Sunday, August 16, 2015

Steppes Artisan Competition 2015

Photo courtesy of Jamie Snow

Today's Steppes Artisan event was epic! It was wonderful to see all the amazing things that our populace is learning and creating. It's scary to put your craft out there, not knowing if it will be praised, or criticized, or both. This was my second year entering in this competition, and each time it has been an incredible, rich experience. A fantastic opportunity to tap in to the deep well of knowledge and wisdom that our members represent.

For those who were unable to make it, here's a quick tour of my display, with links to the relevant projects included for those of you who would like more information.

So here's my table up close! From the left you have a complete outfit (again on Mom's duct-tape double) which includes pieces from the following posts:

You can also see the leather and wood journal I created to hold my documentation, as well as a selection of tablet woven pieces that demonstrates my growth in this medium over time. There are simple chevrons and diamonds in silk and linen - even some woven with linen and silk sewing thread. Once I became comfortable with the chevrons, I moved on to patterns which have survived in the archeological record. In this image, you can see a narrow linen band woven in a pattern from the Oseberg Ship Burial (around 834 A.D.) and a companion piece that used the same pattern but with a tiny color rotation on a single card.

While the goal of the competition was to show "a diversity of endeavor" in a body of work competition, I wanted to make sure that the pieces I chose to display followed a certain theme. In this case, it was to come as close as possible to a complete Viking kit. Not just the outfit, but the accessories which transform it from a costume to an actual representation. The "diversity of endeavor" then came naturally. To make these pieces I had to learn to hand sew, to dye fabric, to weave via rigid heddle and tablet weaving, to do some leather work, and even some wood carving.

In the middle of the table, we move on to the piece I am the most excited about: My Hedeby Harbor wooden-handled bag. I wanted to reach a whole new level with this piece, and I really hope you'll check out the blog post for this project, because I am so proud of it. In this image you can see some beeswax candles, which represent some baby steps into a new craft.

On the loom is another tablet-weaving project, and probably the most difficult one to date. I've started another band style from a period piece: the Snartemo II, from about 500 A.D. in the southern part of Norway. The original is wool, but my allergies force me to do my tablet-weaving in linen or silk, so I started my band in black and white silk. The version of the reconstructed pattern that I found used only two holes of my four-holed weaving cards, which means that with every turn I have to fight my cards to keep them in formation. I did hear a rather fascinating alternative format today, from one of our fabulous artisans, and I will be doing more experimenting with this style in the future.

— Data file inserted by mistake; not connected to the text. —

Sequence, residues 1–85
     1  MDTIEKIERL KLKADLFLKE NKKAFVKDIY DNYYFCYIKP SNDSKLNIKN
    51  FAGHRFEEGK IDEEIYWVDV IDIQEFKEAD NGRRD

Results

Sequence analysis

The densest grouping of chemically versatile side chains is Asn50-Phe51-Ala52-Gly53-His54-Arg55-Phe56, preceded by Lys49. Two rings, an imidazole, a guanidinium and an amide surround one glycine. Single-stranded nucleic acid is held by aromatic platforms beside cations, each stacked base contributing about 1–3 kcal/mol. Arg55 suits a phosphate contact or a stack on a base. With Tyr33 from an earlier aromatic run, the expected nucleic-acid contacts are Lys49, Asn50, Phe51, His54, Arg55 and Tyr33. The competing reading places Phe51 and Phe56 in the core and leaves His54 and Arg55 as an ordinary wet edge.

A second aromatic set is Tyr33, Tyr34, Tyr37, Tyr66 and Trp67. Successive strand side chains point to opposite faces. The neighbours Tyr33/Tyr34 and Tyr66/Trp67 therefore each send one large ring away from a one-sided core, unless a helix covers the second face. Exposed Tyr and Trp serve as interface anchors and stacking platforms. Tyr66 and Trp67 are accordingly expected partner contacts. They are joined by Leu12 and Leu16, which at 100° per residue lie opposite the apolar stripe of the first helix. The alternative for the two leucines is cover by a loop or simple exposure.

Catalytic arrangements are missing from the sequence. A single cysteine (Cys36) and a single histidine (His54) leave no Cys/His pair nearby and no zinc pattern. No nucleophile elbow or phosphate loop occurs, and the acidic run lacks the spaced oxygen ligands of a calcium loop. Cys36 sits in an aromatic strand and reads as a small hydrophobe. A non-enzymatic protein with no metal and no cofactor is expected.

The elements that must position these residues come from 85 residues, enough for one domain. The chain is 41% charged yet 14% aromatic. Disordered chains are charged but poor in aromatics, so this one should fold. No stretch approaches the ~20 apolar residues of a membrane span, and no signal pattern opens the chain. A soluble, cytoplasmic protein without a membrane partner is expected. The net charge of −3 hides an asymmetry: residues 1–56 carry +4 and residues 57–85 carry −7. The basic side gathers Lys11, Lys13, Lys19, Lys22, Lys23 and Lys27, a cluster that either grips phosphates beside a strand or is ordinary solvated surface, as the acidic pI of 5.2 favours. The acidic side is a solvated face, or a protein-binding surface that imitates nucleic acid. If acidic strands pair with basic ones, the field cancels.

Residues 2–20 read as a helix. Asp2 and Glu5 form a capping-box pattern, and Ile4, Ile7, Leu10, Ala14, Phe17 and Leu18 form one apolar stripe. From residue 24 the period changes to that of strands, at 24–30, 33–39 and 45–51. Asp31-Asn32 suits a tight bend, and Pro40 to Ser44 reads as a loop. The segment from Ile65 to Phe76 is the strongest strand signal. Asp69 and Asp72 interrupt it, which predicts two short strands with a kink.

Also on the table are a couple very small thread reels I carved out of walnut, and a Viking cap. I started doing the research for that project back in 2003 when I was spending a semester in London. I took a weekend train to York and saw the original silk cap on display. I'm fighting with the actual silk version of the cap right now, but I was able to include a linen version which was much more fun to make. More information - including an email I received from a gentleman at the Museum of York - is in the cap's blog post, which you can access with the link below.

And, finally, the right side of my display is is devoted to my recent experiments with period dye, specifically madder root. I kept wool samples as I went, although I did throw in some scrap linen to see what it would do.

I had two sources for my madder, which allowed me to do some compare and contrast. In the green ceramic cup you can see the last of the 4oz of fresher, fairly uniformly chopped roots I ordered from AcrossGenerations on Etsy. The round glass jar contains part of the 4-year-old 1lb package from Aurora Silk that my friend Emma gave me. It contained a greater variety of root sizes, from the almost hair-thin to chunks that were bigger than my thumb.

It was fascinating to see the difference in color that they yielded. The younger, more uniform pieces gave me my brighter oranges, while the older batch with the wider variety gave me some lovely, rich browner colors. I can't wait to get my hands on a madder plant and try using shaved roots of the really fresh stuff for vivid reds. You can see more information about the project - and more pictures! - by visiting the blog post:

But the absolute best part was to be called into court, surrounded by some of the best artists and craftspeople I know, and be chosen as Artisan. Thank you all, so very much, for this incredible honor!

Photo courtesy of Martha Schreffler

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